California suffering through driest three years ever recorded, with no relief in sight.
What does that have to do with the state Senate’s debate over Proposition 30, which would generate billions of dollars in bond revenue to help local governments face critical budget problems? Plenty, apparently.
For months, the Proposition 30 campaign has been painting the California drought as a “national crisis,” which is a far cry from the reality.
“This drought is a natural disaster that is going to affect everyone in California,” said Mark DeSantis, president of the California League of Conservation Voters, which filed a letter to the state Senate urging passage of the proposed bond measure by the end of the month. The letter urged the legislature to pass the bonds without delay.
But the bond will add to the state’s already mounting debt, which is already projected to double its estimated $43.3 billion worth this year to more than $88 billion by 2049.
And that’s just the beginning. After Prop. 30 has its full effect through 2049, it will have to be paid off, according to the California Public Employees Retirement System and the California State Teachers’ Retirement System. These two largest funds are in danger of running out of money by the end of this year.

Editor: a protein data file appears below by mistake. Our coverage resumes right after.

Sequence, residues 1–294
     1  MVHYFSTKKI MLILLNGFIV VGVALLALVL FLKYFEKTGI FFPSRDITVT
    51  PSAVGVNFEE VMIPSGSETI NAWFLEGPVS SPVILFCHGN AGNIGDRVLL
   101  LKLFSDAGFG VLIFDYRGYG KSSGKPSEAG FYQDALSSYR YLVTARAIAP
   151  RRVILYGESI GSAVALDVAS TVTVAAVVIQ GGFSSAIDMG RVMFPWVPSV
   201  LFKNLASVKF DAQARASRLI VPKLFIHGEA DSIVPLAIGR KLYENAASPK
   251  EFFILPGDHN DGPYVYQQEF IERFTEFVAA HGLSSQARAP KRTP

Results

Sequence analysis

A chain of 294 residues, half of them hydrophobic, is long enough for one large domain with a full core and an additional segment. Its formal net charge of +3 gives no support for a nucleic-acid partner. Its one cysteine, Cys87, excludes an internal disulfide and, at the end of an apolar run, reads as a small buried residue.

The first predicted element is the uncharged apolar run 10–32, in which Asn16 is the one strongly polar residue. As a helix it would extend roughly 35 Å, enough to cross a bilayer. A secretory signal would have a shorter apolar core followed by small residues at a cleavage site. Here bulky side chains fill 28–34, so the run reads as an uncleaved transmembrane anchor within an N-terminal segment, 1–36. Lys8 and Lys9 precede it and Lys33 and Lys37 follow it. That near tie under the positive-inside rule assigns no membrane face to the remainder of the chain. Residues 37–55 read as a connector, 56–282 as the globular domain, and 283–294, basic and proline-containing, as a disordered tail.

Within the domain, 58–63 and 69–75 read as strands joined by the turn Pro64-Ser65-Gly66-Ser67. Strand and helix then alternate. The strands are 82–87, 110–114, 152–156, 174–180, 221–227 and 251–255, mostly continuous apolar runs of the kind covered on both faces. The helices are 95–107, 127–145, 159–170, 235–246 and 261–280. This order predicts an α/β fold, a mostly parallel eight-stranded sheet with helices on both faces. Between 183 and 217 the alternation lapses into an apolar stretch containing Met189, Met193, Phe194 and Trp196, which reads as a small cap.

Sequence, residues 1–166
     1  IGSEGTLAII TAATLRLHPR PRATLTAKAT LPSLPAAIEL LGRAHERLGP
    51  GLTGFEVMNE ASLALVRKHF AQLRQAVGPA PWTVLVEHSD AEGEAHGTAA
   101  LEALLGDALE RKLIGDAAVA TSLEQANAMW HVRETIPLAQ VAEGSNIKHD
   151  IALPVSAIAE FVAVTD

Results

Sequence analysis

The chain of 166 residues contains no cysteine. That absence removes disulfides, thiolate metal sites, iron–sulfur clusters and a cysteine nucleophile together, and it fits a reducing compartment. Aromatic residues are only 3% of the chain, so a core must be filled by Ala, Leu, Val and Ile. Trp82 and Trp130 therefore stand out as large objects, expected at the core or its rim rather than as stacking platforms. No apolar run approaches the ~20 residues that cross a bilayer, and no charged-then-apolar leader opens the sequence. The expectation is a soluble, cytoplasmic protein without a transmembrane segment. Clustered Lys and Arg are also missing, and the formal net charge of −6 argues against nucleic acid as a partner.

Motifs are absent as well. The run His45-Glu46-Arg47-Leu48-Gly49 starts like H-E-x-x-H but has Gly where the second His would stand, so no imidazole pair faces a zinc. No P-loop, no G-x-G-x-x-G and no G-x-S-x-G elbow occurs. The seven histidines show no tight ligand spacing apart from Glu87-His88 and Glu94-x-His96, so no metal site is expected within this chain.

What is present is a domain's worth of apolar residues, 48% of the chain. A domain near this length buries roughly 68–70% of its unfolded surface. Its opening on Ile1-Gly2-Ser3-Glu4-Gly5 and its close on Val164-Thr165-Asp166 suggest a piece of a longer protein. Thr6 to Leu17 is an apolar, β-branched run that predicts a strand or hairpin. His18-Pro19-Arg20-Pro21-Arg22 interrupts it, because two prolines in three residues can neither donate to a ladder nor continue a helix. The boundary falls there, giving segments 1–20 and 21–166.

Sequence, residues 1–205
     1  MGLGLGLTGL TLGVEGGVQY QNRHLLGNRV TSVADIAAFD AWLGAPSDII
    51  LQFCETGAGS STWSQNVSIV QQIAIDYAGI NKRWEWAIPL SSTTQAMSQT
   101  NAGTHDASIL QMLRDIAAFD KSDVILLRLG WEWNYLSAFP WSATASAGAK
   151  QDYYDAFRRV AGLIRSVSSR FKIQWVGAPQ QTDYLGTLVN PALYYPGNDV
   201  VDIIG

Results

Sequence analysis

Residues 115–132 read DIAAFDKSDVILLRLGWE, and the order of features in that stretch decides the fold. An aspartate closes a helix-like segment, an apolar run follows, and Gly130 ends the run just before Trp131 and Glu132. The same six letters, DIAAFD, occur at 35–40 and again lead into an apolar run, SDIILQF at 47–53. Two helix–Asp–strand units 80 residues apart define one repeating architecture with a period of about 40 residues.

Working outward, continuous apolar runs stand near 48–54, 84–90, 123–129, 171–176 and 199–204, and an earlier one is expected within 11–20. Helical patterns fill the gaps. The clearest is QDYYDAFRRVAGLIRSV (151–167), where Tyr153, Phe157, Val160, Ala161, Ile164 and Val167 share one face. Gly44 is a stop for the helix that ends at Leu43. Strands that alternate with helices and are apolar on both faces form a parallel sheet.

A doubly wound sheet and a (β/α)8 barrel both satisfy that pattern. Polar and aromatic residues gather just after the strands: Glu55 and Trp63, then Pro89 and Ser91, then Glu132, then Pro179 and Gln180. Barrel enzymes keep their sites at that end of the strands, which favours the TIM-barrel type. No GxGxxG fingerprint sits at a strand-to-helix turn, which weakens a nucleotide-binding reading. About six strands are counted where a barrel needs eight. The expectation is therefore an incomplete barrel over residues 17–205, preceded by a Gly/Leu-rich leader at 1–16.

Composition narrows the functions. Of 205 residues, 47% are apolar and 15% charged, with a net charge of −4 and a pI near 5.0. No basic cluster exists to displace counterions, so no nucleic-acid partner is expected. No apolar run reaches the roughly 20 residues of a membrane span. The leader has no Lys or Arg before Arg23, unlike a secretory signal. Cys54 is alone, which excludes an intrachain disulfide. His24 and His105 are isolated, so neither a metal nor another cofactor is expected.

That could cost the state tens of billions of dollars more in unfunded liabilities than the $10 billion in Proposition 30 taxes.
So the state should be willing to use its full measure of its power as a sovereign state, to fix a problem that threatens to destroy our state, destroy our state’s economy, and destroy many, many lives and businesses across California. And we must keep in mind that this is a debt issue that will require us to borrow money from our children, grandchildren, and our children and grandchildren. We need to keep in mind that as a state, we have the power to borrow our way out of debt.
The reason that our state is going through a severe fiscal crunch is simple: We have the ability to fund our state’s operating budget with our own money. We do not have to borrow from any outside power. We can use our own money, and